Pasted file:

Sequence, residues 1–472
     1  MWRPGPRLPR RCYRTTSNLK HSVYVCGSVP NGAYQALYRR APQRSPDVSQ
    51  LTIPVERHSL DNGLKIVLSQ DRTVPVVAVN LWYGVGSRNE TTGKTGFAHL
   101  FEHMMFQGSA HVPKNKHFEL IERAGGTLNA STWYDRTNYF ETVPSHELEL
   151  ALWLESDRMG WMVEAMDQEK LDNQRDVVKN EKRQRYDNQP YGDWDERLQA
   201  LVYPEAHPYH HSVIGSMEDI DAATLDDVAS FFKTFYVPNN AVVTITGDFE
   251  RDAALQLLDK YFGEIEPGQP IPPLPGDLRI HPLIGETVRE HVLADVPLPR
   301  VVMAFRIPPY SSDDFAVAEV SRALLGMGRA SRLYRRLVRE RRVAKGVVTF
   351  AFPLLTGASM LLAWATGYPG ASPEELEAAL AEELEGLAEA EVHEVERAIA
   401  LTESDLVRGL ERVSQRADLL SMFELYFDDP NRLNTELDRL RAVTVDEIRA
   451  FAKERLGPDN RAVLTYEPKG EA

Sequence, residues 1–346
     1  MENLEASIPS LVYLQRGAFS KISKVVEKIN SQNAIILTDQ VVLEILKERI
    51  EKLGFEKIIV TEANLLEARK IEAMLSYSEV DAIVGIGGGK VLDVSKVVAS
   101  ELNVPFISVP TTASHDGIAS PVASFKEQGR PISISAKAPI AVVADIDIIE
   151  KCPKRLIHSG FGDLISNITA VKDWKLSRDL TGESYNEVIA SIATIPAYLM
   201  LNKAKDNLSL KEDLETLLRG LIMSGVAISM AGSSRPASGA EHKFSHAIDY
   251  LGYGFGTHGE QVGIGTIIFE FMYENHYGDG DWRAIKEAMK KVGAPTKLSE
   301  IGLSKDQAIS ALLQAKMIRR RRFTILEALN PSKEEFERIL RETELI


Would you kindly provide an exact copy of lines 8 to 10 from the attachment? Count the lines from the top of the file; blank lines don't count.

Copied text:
   301  VVMAFRIPPY SSDDFAVAEV SRALLGMGRA SRLYRRLVRE RRVAKGVVTF
   351  AFPLLTGASM LLAWATGYPG ASPEELEAAL AEELEGLAEA EVHEVERAIA
   401  LTESDLVRGL ERVSQRADLL SMFELYFDDP NRLNTELDRL RAVTVDEIRA